We use words like honor, code, loyalty...we use these words with double meaning; as the backbone to a life spent distorting and spinning our actions to protect our own. You expect us to use them as a way of life. We have neither the time nor the inclination to explain ourselves to a man who rises and sleeps under the blanket of the leadership we provide, then questions the manner in which we provide it! We'd rather you just said thank you and went on your way. Otherwise, we suggest you apologize for exposing the truth and submit to our complete, infallible authority. Either way, we don't give a darn what you think you're entitled to!

Burleson: Did you order the blogging to stop?

IMB Bot: (quietly) We did the job the fundy’s sent us to do.

Burleson: Did you order the blogging to stop?

IMB BoT: You're darn right we did!!


wadeburleson.org said...


There is a screenwriters guild strike in Hollywood. You ought to think about jumping the picket line.

Jeff said...

That is one of the best and funniest things I've read. I'm with Wade, you should cross the picket line in Hollywood!!! Of course, they couldn't handle the truth either!

david b mclaughlin said...

Is there some way to give batchaps like a 5 star Review or something!

I am laughing so hard I cant breathe!

greg.w.h said...

Oddly enough...I think I've watched that movie already. ;)

The compelling part about Nicholson's speech actually is that it reverberates with a comment a friend of mine made who served as an intelligence specialist alongside special forces. Many years after completing his service he refused to offer even a single operational detail other than the fact that he always offered to pilot the boats because the springs in the seat helped keep him from getting seasick.

But he did offer this comment: there are things the military does that must be done that aren't explainable to and probably aren't acceptable by the American public--and certainly by the world--at large. It's why we have a civilian who is the commander-in-chief and why a civilians sit in leadership of the Pentagon through the Secretary of Defense and his assistants. It's also why the Congress has oversight responsibilities for the actions of the Pentagon. We must make sure that we do not give the DoD license that we don't intend to while permitting the protection of our nation.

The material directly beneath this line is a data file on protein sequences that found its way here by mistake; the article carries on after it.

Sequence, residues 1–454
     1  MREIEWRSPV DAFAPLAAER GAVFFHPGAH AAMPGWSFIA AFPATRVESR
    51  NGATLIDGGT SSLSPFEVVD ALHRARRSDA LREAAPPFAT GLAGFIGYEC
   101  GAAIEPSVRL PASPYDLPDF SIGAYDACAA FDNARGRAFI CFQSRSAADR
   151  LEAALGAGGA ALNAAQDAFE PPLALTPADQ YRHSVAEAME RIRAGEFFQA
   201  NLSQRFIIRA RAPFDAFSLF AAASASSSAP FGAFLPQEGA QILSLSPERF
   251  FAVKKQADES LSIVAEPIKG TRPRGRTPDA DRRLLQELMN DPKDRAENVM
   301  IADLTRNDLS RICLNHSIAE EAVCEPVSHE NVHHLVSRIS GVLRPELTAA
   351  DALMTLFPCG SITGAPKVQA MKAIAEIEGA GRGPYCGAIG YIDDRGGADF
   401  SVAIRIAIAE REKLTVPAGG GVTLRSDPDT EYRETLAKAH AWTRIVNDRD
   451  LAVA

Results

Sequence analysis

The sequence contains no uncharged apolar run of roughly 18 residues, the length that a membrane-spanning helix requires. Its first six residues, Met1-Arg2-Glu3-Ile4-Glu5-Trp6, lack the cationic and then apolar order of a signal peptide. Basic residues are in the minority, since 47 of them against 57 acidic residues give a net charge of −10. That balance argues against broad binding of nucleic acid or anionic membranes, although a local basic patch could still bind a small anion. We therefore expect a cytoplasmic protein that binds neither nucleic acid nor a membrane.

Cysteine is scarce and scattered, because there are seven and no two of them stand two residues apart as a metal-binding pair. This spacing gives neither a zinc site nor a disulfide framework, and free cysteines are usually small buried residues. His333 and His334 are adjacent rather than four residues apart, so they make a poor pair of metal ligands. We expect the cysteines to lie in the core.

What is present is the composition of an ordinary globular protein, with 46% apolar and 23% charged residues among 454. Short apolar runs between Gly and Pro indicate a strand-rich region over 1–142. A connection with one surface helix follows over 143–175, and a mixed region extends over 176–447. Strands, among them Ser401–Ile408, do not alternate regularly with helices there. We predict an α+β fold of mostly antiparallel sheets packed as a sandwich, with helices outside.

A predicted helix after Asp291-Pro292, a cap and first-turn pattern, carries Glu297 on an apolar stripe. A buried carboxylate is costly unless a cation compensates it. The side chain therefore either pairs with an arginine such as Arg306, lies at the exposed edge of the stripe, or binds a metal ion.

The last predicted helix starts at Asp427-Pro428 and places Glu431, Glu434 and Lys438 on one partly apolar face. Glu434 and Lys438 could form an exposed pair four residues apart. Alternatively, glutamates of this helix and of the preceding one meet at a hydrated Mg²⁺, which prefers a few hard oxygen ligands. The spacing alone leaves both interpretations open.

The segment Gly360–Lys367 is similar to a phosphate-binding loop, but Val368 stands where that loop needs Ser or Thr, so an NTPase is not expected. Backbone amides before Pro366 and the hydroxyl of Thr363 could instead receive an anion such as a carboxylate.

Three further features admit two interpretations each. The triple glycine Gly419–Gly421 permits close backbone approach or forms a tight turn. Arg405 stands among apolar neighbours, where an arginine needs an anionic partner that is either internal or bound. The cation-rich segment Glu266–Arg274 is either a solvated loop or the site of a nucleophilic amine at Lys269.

Having been on the other side of the work of the IMB (on the field with my parents alongside folks like the Rankins, the Willises, and the Meadors), I'll offer that no such thing should ever happen on the field. The Board of Trustees, therefore, deserves no shield and uses it only at the expense of its own credibility. The only details that deserve such a shield have to do with Ms in areas where we put lives in danger by ministering the Good News.

Even then: I wish we had the boldness of the New Testament and would accept persecution for the sake of openness and put our full trust in God to bring about the implementation of his own sovereign will. But it is a hard thing to do to ask people to serve under those conditions and to ask them to go into harm's way without at least the protection of secrecy.

Greg Harvey

Jack Maddox said...

Hey!!!! Wait a minute!!!!

Wade has said that there is to be no comparison in his post. What’s wrong with you people. If you read this post and draw a conclusion and assign motives, it is you who has done this, not Wade. Wade NEVER posts or says anything even remotely slanderous or offensive. He is WADE BURLESON, Dissenter extraordinaire, champion of truth, defender of all that was once free in the SBC. SO GET OFF HIS BACK! You assume only that which your carnal minds can conjecture.